By John Woodside | News, Business | January 4th 202
The Xingu River, near Aldeia São Francisco. Photo via Amazonia Real/Flickr (CC BY 2.0)
A Canadian mining company wants to open the largest open-pit gold mine in Brazil’s history in the heart of the Amazon rainforest.
However, Indigenous rights and environmental advocates are targeting the company’s shareholders to stop it, saying Toronto-headquartered Belo Sun has made “misleading” claims to investors about its Volta Grande project.
The allegations about the proposed mine in the Volta Grande do Xingu region are spelled out in a recent report from Amazon Watch. The area is home to Indigenous communities as well as farming and fishing communities that rely on the land and water.
According to Amazon Watch, the chief “misleading” claim is that the project is “fully authorized.” Belo Sun’s CEO Peter Tagliamonte made that remark at the 2021 Prospectors and Developers Association of Canada mining conference, and has downplayed the Volta Grande project’s social, environmental and legal risks, the report says. As Amazon Watch points out, the project is in fact bogged down in “seven different legal challenges from potentially affected communities and government agencies” and has had its operating licences suspended repeatedly.
The report alleges Belo Sun is engaged in a “deliberate attempt to attract uninformed investors, in clear violation of [Ontario Securities Commission] regulations.”
Belo Sun did not return multiple emailed requests comment.
In an interview with Canada’s National Observer at the COP15 biodiversity conference in Montreal, Amazon Watch Brazil campaign adviser Gabriela Sarmet said the push to expose Belo Sun’s claims is off to a great start. In the days after Amazon Watch published its Dec. 9 report detailing these claims, Belo Sun stock tumbled, with its value cut in half.
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By alerting Belo Sun shareholders to “misleading” claims the company makes, Amazon Watch hopes Belo Sun won’t be able to raise enough cash for the Volta Grande project, forcing the company to abandon its plans. For Sarmet, the project is worth fighting because a gold mine means irreversible damage to an important ecosystem.
“We’re talking about the Amazon rainforest,” she said. “That’s super important not only for Brazil…but it’s also super important for world climate stability.
“And we’re not talking about a small mine … we’re talking about an open-pit gold mine in the middle of the heart of the Amazon.”
The Amazon basin is one of the most important ecological regions in the world because its vast forests absorb so much carbon dioxide that it helps to regulate global warming. Further, it’s home to about one in 10 species, making it a vital region for protecting the world’s biodiversity. But deforestation and mining in the region threaten the forest’s ability to help stabilize the global climate and put countless species under intense pressure.
Resource extraction in the Amazon also carries financial risk. In September, credit rating agency Moody’s estimated that global biodiversity loss represents a US$1.9-trillion risk to investors, with mining companies at particularly high risk of seeing investment dollars dry up as environmental, social and governance (ESG) metrics become increasingly important to investors.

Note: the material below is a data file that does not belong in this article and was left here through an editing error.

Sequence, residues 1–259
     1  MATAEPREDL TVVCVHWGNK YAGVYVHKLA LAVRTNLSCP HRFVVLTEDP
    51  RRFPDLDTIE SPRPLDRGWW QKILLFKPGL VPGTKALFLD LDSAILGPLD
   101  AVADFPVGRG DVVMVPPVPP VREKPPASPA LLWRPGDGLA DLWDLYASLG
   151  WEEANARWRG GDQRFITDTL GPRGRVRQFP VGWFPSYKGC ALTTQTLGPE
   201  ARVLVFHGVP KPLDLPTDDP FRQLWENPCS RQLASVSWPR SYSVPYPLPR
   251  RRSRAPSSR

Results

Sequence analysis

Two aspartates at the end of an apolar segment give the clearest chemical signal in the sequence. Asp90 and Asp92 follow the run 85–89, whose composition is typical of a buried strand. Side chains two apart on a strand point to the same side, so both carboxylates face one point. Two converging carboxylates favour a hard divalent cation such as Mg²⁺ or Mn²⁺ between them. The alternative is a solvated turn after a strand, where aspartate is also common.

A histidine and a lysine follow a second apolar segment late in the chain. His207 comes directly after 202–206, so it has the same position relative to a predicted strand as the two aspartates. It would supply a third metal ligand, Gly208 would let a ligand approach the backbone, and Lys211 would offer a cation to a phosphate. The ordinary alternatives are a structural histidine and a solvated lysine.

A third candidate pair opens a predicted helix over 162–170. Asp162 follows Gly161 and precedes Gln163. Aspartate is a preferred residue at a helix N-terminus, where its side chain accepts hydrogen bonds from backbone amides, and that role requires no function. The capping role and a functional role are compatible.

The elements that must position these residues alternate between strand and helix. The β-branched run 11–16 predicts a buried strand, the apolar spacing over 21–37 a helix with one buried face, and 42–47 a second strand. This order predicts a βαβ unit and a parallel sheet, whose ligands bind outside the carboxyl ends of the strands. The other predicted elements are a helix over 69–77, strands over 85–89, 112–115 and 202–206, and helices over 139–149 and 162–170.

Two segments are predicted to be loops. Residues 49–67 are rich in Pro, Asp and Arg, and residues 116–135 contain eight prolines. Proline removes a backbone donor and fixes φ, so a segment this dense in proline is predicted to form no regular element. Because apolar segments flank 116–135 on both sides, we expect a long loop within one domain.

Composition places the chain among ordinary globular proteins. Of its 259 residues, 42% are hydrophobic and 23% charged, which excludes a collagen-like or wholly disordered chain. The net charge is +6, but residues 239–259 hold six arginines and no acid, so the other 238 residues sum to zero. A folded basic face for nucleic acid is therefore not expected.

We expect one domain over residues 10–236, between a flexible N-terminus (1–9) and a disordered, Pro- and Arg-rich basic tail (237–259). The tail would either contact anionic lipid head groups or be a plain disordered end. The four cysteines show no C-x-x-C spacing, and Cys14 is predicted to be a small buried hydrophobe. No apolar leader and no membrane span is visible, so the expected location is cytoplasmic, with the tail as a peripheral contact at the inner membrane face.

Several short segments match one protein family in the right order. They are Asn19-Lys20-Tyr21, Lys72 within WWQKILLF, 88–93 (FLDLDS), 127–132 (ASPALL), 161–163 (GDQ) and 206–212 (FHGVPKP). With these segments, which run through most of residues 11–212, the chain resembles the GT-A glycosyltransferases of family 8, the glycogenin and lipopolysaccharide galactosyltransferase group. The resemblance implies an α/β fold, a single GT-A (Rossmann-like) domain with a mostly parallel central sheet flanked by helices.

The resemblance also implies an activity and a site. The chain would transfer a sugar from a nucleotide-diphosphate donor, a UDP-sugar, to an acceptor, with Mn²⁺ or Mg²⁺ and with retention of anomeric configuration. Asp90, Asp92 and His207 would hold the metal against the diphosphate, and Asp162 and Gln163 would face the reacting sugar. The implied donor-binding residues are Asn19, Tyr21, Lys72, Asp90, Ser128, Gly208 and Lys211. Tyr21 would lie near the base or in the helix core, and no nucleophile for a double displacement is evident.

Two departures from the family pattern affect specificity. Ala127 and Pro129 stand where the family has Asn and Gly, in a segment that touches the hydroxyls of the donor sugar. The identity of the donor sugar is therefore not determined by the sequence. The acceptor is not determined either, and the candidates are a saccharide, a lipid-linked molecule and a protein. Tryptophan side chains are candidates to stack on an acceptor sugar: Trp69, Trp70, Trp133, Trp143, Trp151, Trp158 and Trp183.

Belo Sun’s top five shareholders are private equity firm Sun Valley Gold LLC, Canadian bank RBC, its CEO Tagliamonte, its board chair Mark Price Eaton and investment advisory firm Franklin Advisers.
Belo Sun digging up the Amazon poses a financial risk to investors concerned with deforestation and related environmental issues, but the first people to get hit by this project will be those in the surrounding communities, Sarmet said.
“We’re talking about a clash of worldviews,” explained Sarmet. “There’s a predatory way of thinking that comes from the colonial period… And the first people who see these impacts are Indigenous Peoples.”
Both Sarmet and MiningWatch Canada Latin America program co-ordinator Viviana Herrera described to Canada’s National Observer a pattern of Canadian mining companies deploying “divide and conquer” strategies against local populations.
Essentially, the strategy works by identifying vulnerable communities in a region that sits atop valuable minerals and offering to pay for services the government should be providing, but isn’t, Herrera said. This creates support for the project with one community that the company will then use to say it has broad support, even if the project negatively affects other communities who are opposed.
“Belo Sun is unfortunately not a unique case, this junior company just follows a pattern of behaviour — very concerning behaviour — by Canadian mining companies in Latin America,” Herrera said. “In some cases, very extreme violations of human rights, for example, killing environmental defenders as we’ve documented in Mexico.”
Hererra said that at COP15, Canada announced several new projects to protect biodiversity, but it’s important to acknowledge Canada is home to the majority of the world’s mining companies, and that these companies are major problems for the environment.
“Instead of reversing biodiversity loss, we are contributing to biodiversity loss,” she said.
One of the reasons the “majority of mining companies around the world are based in Canada is because of all the political and economic benefits they receive once they go to other countries to operate,” said Herrera.
She said Canadian embassies sometimes describe their role as protecting the environment, as well as promoting Indigenous and women’s rights, “but in reality, their job is to protect [the] interests of Canadian mining companies.”
SEE ALSO: “Accumulation by Dispossession” by the Global Extractive Industry: The Case of Canada